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Building the tech talent pipeline

Tuesday, December 10, 2019

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By taking a data-driven approach, regions can pinpoint the strengths and gaps in their pool of tech talent and prioritize investments to boost competitiveness and collaboration.

Amazon’s search for its HQ2 location sparked fierce competition among US metropolitan areas, as their leaders viewed the headquarters as a game changer for economic development. However, the bidding process also shone a spotlight on the issues of talent development and retention—common challenges for metropolitan areas around the world.

While low interest rates have given companies easy access to money, a reliable pool of qualified workers has become the scarcer capital. And if technology is now the growth engine for business, tech talent and the institutions that produce it are the fuel. Regions recognize that tech workers such as data analysts, web developers, engineers, and the like are a prerequisite for economic development. Yet few metropolitan areas understand the dynamic talent ecosystem—including skills, diversity, and mobility—and how to take coordinated action to move the needle.

When the HQ2 bid was announced, the Capital Region (which encompasses Baltimore; Richmond and northern Virginia; and Washington, DC) had already begun to implement programs to deepen its talent pool. The goal of these efforts was to ensure the region had enough workers with the right skills to satisfy the demand for tech talent across the private and public sectors. To better understand the talent landscape, McKinsey partnered with the Greater Washington Partnership to conduct in-depth research into the Capital Region and other top US metro areas (see sidebar, “About the research”). The result was unprecedented visibility into talent imbalances and common trends as well as new insights into how civic leaders can deal with them effectively.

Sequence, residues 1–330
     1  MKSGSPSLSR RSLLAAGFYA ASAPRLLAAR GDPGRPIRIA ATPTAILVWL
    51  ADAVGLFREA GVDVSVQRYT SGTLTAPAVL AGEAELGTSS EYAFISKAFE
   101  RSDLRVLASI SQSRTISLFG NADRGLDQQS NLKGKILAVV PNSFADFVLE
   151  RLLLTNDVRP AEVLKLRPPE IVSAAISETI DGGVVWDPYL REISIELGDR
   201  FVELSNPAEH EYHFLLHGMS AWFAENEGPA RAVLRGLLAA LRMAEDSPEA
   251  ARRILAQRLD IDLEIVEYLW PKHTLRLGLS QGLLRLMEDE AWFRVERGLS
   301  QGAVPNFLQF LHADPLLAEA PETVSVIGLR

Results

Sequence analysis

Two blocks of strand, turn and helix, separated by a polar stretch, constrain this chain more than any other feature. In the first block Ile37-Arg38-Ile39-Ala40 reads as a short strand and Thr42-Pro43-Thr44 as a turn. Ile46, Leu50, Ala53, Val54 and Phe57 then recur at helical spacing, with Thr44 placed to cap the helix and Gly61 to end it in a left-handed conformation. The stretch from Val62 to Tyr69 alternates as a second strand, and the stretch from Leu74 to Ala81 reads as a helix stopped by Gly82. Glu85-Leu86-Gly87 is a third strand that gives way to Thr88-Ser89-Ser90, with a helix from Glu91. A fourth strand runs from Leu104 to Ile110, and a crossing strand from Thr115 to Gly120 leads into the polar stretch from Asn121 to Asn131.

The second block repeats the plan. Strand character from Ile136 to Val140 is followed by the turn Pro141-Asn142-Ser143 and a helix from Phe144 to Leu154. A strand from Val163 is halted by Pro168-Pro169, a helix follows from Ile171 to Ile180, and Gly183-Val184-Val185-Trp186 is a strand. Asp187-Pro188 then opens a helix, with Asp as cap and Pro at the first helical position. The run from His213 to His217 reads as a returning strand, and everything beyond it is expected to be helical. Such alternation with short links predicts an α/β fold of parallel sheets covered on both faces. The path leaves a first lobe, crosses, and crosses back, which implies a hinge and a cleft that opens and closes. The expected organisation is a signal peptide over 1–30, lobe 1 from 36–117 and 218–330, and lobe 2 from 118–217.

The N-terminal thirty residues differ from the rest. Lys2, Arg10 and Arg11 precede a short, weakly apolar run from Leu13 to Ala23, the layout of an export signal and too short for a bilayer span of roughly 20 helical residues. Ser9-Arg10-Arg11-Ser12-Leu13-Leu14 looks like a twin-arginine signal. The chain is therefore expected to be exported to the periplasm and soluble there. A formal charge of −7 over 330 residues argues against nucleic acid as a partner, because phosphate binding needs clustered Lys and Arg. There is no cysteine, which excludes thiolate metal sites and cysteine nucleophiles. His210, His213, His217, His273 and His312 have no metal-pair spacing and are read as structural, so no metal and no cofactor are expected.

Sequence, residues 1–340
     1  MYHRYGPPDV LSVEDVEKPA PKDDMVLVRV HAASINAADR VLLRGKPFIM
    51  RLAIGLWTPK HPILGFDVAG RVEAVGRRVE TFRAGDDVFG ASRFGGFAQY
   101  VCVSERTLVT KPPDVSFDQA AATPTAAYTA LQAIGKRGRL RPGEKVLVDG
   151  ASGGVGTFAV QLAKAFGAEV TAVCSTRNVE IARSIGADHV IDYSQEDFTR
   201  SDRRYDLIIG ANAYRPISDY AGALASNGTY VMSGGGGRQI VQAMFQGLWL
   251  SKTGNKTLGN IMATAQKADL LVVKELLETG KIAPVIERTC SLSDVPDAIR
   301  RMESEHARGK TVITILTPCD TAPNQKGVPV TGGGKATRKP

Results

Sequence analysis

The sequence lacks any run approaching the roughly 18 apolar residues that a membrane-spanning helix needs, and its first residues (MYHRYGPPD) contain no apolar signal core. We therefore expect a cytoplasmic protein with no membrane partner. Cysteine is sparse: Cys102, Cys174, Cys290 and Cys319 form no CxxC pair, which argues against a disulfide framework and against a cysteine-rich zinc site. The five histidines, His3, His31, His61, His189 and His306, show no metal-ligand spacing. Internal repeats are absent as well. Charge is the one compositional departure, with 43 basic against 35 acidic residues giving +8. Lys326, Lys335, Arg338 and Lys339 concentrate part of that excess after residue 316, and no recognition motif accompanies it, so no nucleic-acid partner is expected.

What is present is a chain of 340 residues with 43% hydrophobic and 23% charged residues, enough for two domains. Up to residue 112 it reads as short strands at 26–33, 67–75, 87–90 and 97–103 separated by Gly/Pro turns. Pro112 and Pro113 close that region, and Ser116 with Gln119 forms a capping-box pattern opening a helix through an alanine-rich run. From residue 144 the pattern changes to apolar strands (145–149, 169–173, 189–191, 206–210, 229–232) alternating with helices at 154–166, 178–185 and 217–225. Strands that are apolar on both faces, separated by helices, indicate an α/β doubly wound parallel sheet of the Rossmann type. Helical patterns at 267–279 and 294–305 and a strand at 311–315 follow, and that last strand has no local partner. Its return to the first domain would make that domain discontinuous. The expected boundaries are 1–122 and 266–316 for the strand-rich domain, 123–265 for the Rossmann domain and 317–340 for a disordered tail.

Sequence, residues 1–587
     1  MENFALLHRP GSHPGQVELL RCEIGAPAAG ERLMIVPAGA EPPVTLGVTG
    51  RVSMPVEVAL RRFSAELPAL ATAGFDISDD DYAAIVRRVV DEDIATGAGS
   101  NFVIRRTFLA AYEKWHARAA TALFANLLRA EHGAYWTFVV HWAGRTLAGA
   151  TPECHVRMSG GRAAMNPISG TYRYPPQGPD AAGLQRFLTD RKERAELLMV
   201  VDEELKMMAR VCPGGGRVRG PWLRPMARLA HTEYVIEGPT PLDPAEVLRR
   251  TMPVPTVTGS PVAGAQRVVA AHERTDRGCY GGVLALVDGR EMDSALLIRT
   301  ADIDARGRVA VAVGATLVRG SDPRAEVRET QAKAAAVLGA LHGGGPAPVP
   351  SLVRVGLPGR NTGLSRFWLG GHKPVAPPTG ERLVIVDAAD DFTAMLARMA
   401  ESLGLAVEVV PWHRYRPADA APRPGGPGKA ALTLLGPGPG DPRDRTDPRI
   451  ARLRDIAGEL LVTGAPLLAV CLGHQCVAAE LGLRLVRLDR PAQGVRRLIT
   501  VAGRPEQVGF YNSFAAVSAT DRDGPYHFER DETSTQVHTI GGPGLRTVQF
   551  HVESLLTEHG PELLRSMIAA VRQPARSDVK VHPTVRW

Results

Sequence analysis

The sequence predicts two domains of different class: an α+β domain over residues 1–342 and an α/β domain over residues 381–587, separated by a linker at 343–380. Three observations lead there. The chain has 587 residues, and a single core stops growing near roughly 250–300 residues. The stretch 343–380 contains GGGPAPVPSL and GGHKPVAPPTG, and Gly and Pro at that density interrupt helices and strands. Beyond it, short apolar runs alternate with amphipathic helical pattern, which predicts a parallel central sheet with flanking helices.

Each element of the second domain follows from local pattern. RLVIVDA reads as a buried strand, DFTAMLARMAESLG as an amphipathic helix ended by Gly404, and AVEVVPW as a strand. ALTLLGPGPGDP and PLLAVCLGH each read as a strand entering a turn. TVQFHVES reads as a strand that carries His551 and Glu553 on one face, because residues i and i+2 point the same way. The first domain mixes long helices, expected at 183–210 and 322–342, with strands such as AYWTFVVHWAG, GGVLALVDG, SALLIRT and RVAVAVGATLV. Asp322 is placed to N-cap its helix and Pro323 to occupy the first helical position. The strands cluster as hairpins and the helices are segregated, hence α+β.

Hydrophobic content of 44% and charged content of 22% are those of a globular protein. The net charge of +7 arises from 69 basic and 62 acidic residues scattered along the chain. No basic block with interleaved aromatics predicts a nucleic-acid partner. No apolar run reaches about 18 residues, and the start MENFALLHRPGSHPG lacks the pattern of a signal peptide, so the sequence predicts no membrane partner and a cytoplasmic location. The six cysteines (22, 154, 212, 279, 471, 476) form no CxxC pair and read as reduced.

The HQ2 bid accelerated the Capital Region’s pursuit of a comprehensive talent effort, but metropolitan areas shouldn’t wait for a similar trigger to act. Instead, they should mobilize stakeholders around a coordinated strategy. First, metro areas should evaluate supply imbalances for their tech talent pool. Next, they should prioritize the available tools based on their potential to address talent gaps. Leaders can—and must—convene partners from the government and academia to collaborate on efforts to produce, attract, and retain talented workers. The Capital Region’s experience provides a valuable point of reference.

 

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